Invent Crime E2

Clinical Miniseries


Homicide Investigation


Wearing latex gloves, Detective Stevens searches the crime scene home office, looking for a box in a wastebasket. He then rummages through the large garbage can in the backyard and finds what could be the box, though empty. There is no address label—only a “Fragile” sticker.

He photographs the scene and places the box within an evidence bag to take to the crime lab.

The visit of the delivery man corresponds to the timeline for the death of the victim. Since the person came in disguise, he did not rely on Mr. Richardson recognizing him to gain access. Did the deliveryman force himself in?

Detective Stevens heads to the forensics department for crucial answers in what is clearly a murder investigation.

“Okay, people, do you have the answers I need?” asks Stevens.

The forensics team offers some helpful information. “The patent attorney’s name is Alison McCarthy. She has a local office downtown.

“There are many online complaints about a patent of the victim that covers ownership of the technology related to browser history. The debate is whether the user, the browser software company, the corporation employing its workers, or Mr. Richardson owns the data known as cookies.”

“Looks like I am paying a visit to Ms. McCarthy.” Anticipating legal stone­walling, Stevens gets a subpoena for records relating to browser history and blister-pack patents.


At the legal office of Alison McCarthy, Detective Stevens receives the anticipated objection of attorney-client privilege. With the subpoena in hand he is able to get cooperation.

“Please sit down, Detective. I prefer to answer your questions directly, rather than upset my files.”

“Thank you. How many patents does Mr. Richardsons have?”

“That question is beyond the scope of your warrant.”

With a smile, the detective continues, “Just testing. Without lawyer double-speak, can you tell me who might have wanted to kill Mr. Richardson?”

“Documents relating to your subpoena indicate ongoing negotiations with most major browser software developers. While such negotiations can get contentious, I cannot assume anyone’s intent to murder.

“There is, however, a rather vocal online individual, against whom a restraining order was obtained due to various threats. Maurice Bingham uses the screen name ‘ScreamFillled’ with a cookie avatar. Here is a copy of the restraining order with his address information.”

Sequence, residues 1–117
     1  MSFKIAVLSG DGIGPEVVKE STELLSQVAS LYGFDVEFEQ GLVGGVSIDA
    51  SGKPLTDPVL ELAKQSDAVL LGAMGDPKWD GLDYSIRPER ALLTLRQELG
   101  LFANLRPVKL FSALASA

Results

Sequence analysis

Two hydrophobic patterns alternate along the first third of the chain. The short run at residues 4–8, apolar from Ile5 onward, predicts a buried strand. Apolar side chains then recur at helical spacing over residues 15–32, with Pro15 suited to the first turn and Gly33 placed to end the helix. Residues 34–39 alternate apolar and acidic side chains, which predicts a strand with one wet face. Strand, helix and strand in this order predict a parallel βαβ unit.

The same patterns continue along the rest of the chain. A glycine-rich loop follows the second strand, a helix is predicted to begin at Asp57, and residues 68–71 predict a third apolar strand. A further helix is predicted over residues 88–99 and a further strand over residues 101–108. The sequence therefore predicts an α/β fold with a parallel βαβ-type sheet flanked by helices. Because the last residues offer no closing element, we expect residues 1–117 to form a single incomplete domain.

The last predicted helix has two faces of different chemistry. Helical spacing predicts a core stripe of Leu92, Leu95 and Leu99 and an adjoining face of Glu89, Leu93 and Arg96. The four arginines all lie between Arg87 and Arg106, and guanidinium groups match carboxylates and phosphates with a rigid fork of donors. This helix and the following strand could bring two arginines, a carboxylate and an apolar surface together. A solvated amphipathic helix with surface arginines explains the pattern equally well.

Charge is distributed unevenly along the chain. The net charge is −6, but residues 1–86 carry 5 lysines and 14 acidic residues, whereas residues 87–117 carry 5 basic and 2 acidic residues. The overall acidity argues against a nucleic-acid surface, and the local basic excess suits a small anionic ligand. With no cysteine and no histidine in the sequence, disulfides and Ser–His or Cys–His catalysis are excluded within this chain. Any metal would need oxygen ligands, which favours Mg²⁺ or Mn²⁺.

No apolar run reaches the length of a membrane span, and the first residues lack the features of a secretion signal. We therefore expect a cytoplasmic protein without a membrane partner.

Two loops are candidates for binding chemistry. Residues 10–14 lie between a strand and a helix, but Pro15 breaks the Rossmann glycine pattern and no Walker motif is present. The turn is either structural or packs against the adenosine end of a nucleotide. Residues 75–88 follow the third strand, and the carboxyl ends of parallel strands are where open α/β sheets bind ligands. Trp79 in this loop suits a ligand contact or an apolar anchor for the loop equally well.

The detective’s eyes light up. “This is most helpful. Can you tell me about any of Mr. Richardson’s patents that relate to the cause of death?”

“I’m sorry, the news reports only indicate suffocation with cookies,” says Ms. McCarthy.

“Here’s a crime scene photo. Can you identify the type of device over his head?” asks the detective.

“Interesting photo. Terrible death. Mr. Richardson does have a patent for an industrial-strength blister pack. It is similar to how a glass blower might put a ship in a bottle. Only, this method does not involve nearly as much heat. It has been licensed to gumball vending machine manufacturers.

“The easiest way to describe it is if you can imagine placing a plastic bag over something…”

“In this case, his head,” Stevens interjects.

“Precisely. Place the plastic bag over his head with the cookies. Fit a band around his neck. Fill it with air and then harden it with a hairdryer,” says McCarthy.

“So what connection is there between the blister packs and the cookies?” asks Stevens, while taking notes on everything said.

McCarthy continues, “At the risk of doing your job for you, ScreamFilled is a licenser of the blister-pack technology. On his website, he sells customized gumball-style vending machines with a cooling element to dispense miniature sandwich cookies.”

“It sounds like you are saying that Maurice Bingham has motive and means to commit this crime,” Stevens summarizes.

“I am not a criminal lawyer. I am a patent attorney. It is all circumstantial unless you physically tie Mr. Bingham to a crime. That is up to you and the district attorney.”

“Thank you for your time. You have been most cooperative. Many lawyers try their best to stonewall us.“

“There is no need. My client is deceased. I want to be as helpful as possible.”

“May I please take corroborating documentation with me today?”

“Yes, my secretary will get you that information on your way out. Good day, Detective Stevens.”

“Good evening, Ms. McCarthy.” Extending a business card, “Please phone if you think of any more pertinent details.”

“Yes, of course, Detective.”


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